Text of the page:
How Long Do Onions Last? We Have Answers!

Easy to grow and extremely versatile in cooking, onions have a long history of being a popular, edible bulb. They are a pleasure to cultivate, whether you choose to do so in the front-yard or the indoors. Perhaps you might even reserve at least a small portion of the garden to growing these lovely vegetables!

However, even though you have a simple time growing onions, you might be unsure just how you store them, let alone being aware just how long they can keep without spoiling.

True, it can be a tricky balancing act between harvesting and storing onions since if you are not careful, they will go bad and all your hard work will go down the drain.

That said, we are here to help! Read on to find out more in this article on how long do onions last, as well as receive answers to your frequently-asked questions. Soon enough, you will be growing and storing onions like a pro. Let’s get started!


How Long Do Onions Last?


To answer this question, it will depend on whether you choose to refrigerate them or keep them at room temperature.

On average, onions which are placed out on the counter can last up to four to six weeks, which compared with other bulb plants out there is pretty impressive.

On the other hand, onions which are refrigerated can last anywhere from one to two months, which means an extra week or two of shelf life compared with those kept outside.

All the same, they can last a decent amount of time, enough for you to use for any kind of recipe out there.

How Do You Know When Onions Start To Spoil?


As a rule of thumb, it is important to check your onions from time to time to see if they have gone bad and not being able to be used anymore. Characteristics include brown or black spots, as well as spot areas, which risk the development of mold.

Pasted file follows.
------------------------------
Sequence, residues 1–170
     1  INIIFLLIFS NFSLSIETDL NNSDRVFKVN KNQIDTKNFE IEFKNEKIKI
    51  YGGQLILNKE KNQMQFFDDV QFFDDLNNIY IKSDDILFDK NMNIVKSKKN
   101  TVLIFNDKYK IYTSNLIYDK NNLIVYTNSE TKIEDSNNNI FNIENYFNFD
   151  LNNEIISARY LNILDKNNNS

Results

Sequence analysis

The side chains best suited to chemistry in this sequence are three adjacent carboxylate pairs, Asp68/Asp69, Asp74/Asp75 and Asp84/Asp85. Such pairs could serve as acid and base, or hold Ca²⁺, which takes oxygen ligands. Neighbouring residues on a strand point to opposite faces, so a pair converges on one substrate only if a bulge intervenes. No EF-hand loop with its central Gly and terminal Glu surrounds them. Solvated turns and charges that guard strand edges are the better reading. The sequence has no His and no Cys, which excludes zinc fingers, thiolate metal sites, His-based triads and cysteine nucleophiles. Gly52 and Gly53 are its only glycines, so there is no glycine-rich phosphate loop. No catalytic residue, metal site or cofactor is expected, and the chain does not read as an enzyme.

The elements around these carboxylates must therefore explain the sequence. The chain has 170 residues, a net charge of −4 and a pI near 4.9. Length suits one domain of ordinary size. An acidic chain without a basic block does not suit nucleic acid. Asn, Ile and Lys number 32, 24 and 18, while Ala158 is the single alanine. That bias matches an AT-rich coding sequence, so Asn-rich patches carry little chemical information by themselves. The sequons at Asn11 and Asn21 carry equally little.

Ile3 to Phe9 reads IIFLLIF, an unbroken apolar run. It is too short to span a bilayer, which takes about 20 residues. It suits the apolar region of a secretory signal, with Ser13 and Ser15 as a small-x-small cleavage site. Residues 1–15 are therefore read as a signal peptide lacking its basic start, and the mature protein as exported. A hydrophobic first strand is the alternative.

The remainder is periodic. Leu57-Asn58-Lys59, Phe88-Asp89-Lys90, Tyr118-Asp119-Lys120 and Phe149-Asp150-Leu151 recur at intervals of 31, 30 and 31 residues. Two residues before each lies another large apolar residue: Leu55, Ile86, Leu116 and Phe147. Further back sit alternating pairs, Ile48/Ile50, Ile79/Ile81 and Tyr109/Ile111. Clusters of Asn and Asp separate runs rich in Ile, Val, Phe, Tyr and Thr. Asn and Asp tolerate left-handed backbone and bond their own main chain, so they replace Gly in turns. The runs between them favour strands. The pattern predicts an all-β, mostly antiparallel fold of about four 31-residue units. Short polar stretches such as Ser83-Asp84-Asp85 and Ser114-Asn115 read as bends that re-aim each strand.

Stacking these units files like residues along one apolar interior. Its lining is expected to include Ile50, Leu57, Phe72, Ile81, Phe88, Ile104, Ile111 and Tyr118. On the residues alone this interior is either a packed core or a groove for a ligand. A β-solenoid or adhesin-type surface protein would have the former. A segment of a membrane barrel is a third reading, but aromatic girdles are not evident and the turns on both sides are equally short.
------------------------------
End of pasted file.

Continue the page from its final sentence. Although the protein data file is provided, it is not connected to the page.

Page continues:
If there are only a few dark and/or soft spots on the onion, then you can still save them by carefully cutting out those areas with a knife and taking measures to prolong their shelf life with other methods.

Practicing proper food storage and preparation will ensure that you do not get sick from consuming them later on.

How Do You Store Onions?


Aside from storing them at room temperature, you can also store them in the refrigerator to extend their shelf life.

Generally speaking, storing whole onions in the fridge will last longer than if you decide to chop them up before storing them (one to two months in comparison with just one week).

However, it is up to you on what you would like to do, as well as how quickly you can use them up for cooking.

Finally, freezing can do wonders for the shelf life of onions: just chop them up, place them in a plastic, airtight bag, and pop them into the freezer.

They can be stored for up to eight months. While their texture might not be as ideal when you take them out to defrost, nevertheless they make for an economical deal.

For more-extensive tips on how to store onions (along with garlic and shallots), please check out this video:

What Are Some Onion Recipes You Recommend?

Onions are widely-used in just about any recipe out there: from pastas to soups to casseroles, there is always a recipe in which these bulb plants can be added. Here, we offer one of our favorite recipes for your pleasure:

Egg Salad With Onion


  • 1 onion, finely sliced
  • 1 tbsp olive oil, for frying
  • 6 large hardboiled eggs, peeled and grated
  • 2 spring onions, pale green and white bits, chopped
  • 1 tbsp mayonnaise
  • A few gribenes (optional)
  • Salt and black pepper
  • 1 bunch watercress and black olives, to garnish


Gently fry the sliced onion in the oil until soft and just starting to turn golden. Blitz the onion with a stick blender until smooth, then scrape into a bowl. Stir in the pureed onion, then the grated egg, mayonnaise and gribenes, if using, Season to taste. Spoon into a serving dish, cover with clingfilm and refrigerate for up to two days until needed. To serve, garnish with watercress and decorate with a few black olives.

Source: ​The Guardian


All in all, onions are an incredibly useful and versatile bulb plant that can be added into just about any recipe out there. Not only that, but also they are super simple to grow and harvest. Knowing the shelf life and storing process is helpful in keeping these lovely plants in excellent shape and taste.

Shary Saunders

Shary Saunders is the founder and chief editor of Gardening and landscaping have been her passion for years. You can find Shary on Twitter at @SharySaunders. Read more about Shary here.

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